As cells grow in culture, the size of an individual cell varies in a fairly predictable way. The size of a cell can be expressed as the amount of protein present per cell. Shortly before mitosis (i.e., cell division), a cell is at its largest diameter and, hence, possesses the greatest amount of protein per cell. Immediately after mitosis, the cell size drops considerably, frequently to levels approximately half of the pre-mitotic level.

By investigating the size of a cell, it is possible to determine at which point within the cell cycle inhibitors of cell replication are exerting their effects. Accordingly, we investigated the effect of the 1- and 3-fluoro-myo-inositol analogs on the size of cells chronically treated with such analogs.

Method

Cells were grown and treated with 1- and 3-fluoro-myo-inositol analogs as described in Example XIII. On the days indicated, cells were gently harvested without disruption, and the number of cells counted in triplicate in a cell counting chamber. Following determination of the number of cells per sample, the remainder of the cells were pelleted in a microcentrifuge as described hereinabove, and the protein in the sample was determined by the method of Lowry. Thus, it was possible to derive from these two data sets the amount of protein per cell, which is expressed as nanograms of protein per cell, as indicated in Table 3:

              TABLE 3______________________________________Effects of Fluoroinositol Treatment on Cell SizeTreatment          1-deoxy-1-Fluoro-Duration           inositol (nanograms                            3-deoxy-3-(Days)  Control 2  protein/cell) Fluoroinositol______________________________________1       0.110  0.01              0.082  0.01                            0.086  0.013       0.118  0.03              0.135  0.01                            0.259  0.015       0.181  0.03              0.160  0.01                            0.320  0.017       0.063  0.02              0.168  0.02                            0.343  0.03______________________________________
Results

As can be seen in Table 3, control cells demonstrated, over time, the expected progressive increase in the average amount of protein per cell. Thus, the protein per cell on day one was approximately 0.1 nanograms per cell and this had almost doubled (0.18 nanograms/cell) by day five. Between day 5 and day 7, the majority of cells in the control sample divided and the average protein per cell had dropped to approximately 0.06 nanograms protein per cell, reflecting the smallest, post-mitotic cell size. This pattern is consistent with the reported doubling time for this cell line.

In contrast to this normal pattern, the 1-fluoro-myo-inositol treated cells showed an arrest in their cell cycle. Cellular size on day one was approximately the same as that of controls (as expected) and the amount of protein per cell steadily increased to a plateau approximately twice that of the protein levels on day one. Thus, cells treated with 1-fluoro-myo-inositol were able to continue to increase in size up to the point at which they should receive a signal to divide. However, this signal was apparently lacking and cells arrested in a pre-mitotic state (termed late G2) , as reflected by their size, which was approximately 2-fold greater than controls.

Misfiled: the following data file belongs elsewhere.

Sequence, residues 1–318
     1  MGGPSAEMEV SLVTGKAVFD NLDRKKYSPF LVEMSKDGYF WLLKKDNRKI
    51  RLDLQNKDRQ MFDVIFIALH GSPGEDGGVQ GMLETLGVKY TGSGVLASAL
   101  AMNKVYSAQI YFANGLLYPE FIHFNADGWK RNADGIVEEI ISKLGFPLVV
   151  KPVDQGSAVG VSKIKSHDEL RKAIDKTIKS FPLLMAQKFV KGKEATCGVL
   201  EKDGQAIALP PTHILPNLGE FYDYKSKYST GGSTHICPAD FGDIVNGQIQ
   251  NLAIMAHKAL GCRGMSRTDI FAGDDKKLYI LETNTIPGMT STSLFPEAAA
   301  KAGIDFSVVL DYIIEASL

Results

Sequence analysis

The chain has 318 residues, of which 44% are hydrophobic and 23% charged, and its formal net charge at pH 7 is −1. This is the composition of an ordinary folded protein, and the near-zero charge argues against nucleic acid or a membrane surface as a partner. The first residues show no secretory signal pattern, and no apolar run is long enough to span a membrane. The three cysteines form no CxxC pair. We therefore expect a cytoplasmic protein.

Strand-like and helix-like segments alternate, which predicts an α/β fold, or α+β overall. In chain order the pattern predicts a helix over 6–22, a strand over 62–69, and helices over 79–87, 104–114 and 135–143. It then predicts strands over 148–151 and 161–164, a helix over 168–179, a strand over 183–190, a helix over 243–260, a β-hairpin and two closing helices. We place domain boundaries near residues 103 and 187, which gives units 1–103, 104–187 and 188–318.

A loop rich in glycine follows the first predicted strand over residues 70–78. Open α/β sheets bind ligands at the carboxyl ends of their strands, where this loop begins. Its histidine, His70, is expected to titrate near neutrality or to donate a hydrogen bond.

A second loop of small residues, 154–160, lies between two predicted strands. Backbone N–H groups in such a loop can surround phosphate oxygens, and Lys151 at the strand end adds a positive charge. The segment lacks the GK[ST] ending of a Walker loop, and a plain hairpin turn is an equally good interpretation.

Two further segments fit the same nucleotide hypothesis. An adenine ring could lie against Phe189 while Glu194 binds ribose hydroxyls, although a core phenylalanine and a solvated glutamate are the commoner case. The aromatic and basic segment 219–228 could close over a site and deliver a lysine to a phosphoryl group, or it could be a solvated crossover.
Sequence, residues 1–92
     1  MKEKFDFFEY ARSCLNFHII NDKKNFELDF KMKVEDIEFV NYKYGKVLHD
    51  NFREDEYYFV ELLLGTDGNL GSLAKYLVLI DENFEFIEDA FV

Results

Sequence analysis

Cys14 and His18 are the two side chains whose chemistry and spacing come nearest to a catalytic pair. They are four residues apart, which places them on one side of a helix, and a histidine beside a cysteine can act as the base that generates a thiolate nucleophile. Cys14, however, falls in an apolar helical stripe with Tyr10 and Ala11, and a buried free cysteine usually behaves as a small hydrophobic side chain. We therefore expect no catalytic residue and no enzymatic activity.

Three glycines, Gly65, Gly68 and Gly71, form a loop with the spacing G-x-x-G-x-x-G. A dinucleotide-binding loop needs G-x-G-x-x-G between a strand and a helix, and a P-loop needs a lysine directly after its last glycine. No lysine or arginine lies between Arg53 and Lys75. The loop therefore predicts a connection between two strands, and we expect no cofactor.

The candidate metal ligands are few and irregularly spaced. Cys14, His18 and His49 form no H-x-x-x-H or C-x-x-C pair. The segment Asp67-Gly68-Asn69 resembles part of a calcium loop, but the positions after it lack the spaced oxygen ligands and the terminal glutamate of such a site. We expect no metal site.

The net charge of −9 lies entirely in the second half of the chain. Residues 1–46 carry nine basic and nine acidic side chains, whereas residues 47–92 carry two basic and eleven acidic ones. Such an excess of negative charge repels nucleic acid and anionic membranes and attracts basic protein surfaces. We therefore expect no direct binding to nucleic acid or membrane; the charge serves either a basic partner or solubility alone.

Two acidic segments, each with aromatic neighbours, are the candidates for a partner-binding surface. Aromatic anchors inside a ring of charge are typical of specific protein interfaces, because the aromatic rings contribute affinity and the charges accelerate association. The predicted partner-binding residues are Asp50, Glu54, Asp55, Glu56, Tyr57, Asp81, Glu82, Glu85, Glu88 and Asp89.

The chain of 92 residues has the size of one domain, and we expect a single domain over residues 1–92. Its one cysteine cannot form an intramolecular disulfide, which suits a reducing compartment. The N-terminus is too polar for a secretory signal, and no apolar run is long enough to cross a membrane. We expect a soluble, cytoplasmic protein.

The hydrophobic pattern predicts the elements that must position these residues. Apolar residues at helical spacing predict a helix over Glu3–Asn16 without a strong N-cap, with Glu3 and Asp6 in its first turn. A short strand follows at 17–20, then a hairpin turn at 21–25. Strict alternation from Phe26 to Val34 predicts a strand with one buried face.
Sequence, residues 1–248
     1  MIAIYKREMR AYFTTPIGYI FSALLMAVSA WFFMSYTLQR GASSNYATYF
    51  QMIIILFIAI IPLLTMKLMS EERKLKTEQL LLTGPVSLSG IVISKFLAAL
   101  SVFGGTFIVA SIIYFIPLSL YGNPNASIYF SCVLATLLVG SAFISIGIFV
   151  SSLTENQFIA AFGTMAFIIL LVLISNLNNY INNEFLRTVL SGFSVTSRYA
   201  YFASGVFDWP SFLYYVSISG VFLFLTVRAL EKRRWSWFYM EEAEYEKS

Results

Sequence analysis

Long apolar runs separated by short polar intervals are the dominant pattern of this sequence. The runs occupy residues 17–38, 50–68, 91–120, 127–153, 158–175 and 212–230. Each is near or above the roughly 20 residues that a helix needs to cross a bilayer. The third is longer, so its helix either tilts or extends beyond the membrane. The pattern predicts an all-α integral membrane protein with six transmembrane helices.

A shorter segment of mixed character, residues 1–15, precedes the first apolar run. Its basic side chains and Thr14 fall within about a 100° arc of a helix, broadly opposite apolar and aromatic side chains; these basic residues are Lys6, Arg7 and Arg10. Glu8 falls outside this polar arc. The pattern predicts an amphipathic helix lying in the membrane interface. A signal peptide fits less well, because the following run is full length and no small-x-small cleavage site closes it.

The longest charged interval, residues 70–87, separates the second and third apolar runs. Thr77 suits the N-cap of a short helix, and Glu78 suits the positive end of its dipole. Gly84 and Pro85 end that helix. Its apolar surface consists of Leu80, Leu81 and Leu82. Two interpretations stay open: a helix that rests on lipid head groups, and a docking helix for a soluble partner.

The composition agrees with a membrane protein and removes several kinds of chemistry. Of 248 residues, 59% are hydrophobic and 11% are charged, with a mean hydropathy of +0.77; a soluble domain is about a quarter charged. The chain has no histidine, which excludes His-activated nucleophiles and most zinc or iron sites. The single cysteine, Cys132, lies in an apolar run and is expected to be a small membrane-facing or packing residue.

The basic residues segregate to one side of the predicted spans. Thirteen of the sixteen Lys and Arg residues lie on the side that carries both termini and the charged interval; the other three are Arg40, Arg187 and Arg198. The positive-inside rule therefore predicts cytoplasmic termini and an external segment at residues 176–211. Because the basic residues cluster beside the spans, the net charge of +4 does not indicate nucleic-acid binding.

In contrast to both the control and 1-fluoro-myo-inositol treated cells, the 3-fluoro-myo-inositol treated cells demonstrated a most remarkable and unique pattern of cell growth. These cells likewise began with normal levels of cellular protein reflecting a normal size. However, these cells continued to increase steadily in size without undergoing cell division. Thus, by day seven, 3-fluoro-myo-inositol treated cells had increased to a size about 3.5 times as large as control cells. Nevertheless, the rate of cell replication had slowed considerably, as indicated by EXAMPLE XII. Thus, it seems that the 3-fluoro-myo-inositol compound disrupts the ability of the cell to initiate mitosis (i.e., cell division), but that cell size continues to increase. This indicates fundamental desynchronization of the internal signaling systems of the cell with regard to control of cell replication and cell division, which involve the conjoint regulation of cell size and cell replication.

EXAMPLE XV Effects of 1-deoxy-1-Fluoro and 3-deoxy-3-Fluoro-Myo-inositol Analog on Inositol Transport Background

To determine if the effect of the fluoro-myo-inositol analogs might be mediated by the blockade of the myo-inositol transporter, which is responsible for uptake and accumulation of myo-inositol into the cell, the ability of these two compounds to block [3 H]myo-inositol transport was studied directly.

Method

The uptake of [3 H]myo-inositol by the myo-inositol transporter was determined as follows: PC12 cells were gently detached and maintained in a suspension culture in RPMI medium (both myo-inositol and serum free) at 37 C. [3 H]myo-inositol was added to this culture at a concentration of 1μCi/ml. Aliquots of this suspension were removed at the indicated time, diluted in 10 volumes of ice-cold PBS containing 10 mM unlabelled myo-inositol to stop the uptake process, centrifuged at 4 C. for 20 minutes at 50xg. The cell pellet, which contained the transported [3 H]myo-inositol, was dissolved in dilute NaOH and the radioactivity quantified by liquid scintillation counting. The results, shown in Table 4, were as follows: